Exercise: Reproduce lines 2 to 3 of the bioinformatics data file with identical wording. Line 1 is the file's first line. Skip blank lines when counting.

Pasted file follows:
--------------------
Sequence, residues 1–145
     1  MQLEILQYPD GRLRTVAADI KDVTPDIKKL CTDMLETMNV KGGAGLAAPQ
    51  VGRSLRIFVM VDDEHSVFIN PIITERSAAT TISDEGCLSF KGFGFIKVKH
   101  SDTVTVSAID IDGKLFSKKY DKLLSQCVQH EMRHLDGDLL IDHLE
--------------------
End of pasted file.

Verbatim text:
     1  MQLEILQYPD GRLRTVAADI KDVTPDIKKL CTDMLETMNV KGGAGLAAPQ
    51  VGRSLRIFVM VDDEHSVFIN PIITERSAAT TISDEGCLSF KGFGFIKVKH